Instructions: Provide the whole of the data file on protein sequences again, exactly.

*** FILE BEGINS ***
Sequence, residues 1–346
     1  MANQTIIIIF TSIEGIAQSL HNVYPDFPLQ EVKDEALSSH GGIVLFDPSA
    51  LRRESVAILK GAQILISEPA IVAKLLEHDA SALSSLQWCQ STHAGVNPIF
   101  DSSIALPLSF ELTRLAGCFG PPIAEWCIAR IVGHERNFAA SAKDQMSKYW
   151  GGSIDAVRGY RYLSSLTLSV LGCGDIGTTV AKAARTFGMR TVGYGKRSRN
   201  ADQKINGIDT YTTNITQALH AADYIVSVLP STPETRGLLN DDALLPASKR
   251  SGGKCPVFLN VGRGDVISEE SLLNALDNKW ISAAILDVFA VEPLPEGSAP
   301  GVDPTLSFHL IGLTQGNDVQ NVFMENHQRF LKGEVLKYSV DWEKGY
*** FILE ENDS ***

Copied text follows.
Sequence, residues 1–346
     1  MANQTIIIIF TSIEGIAQSL HNVYPDFPLQ EVKDEALSSH GGIVLFDPSA
    51  LRRESVAILK GAQILISEPA IVAKLLEHDA SALSSLQWCQ STHAGVNPIF
   101  DSSIALPLSF ELTRLAGCFG PPIAEWCIAR IVGHERNFAA SAKDQMSKYW
   151  GGSIDAVRGY RYLSSLTLSV LGCGDIGTTV AKAARTFGMR TVGYGKRSRN
   201  ADQKINGIDT YTTNITQALH AADYIVSVLP STPETRGLLN DDALLPASKR
   251  SGGKCPVFLN VGRGDVISEE SLLNALDNKW ISAAILDVFA VEPLPEGSAP
   301  GVDPTLSFHL IGLTQGNDVQ NVFMENHQRF LKGEVLKYSV DWEKGY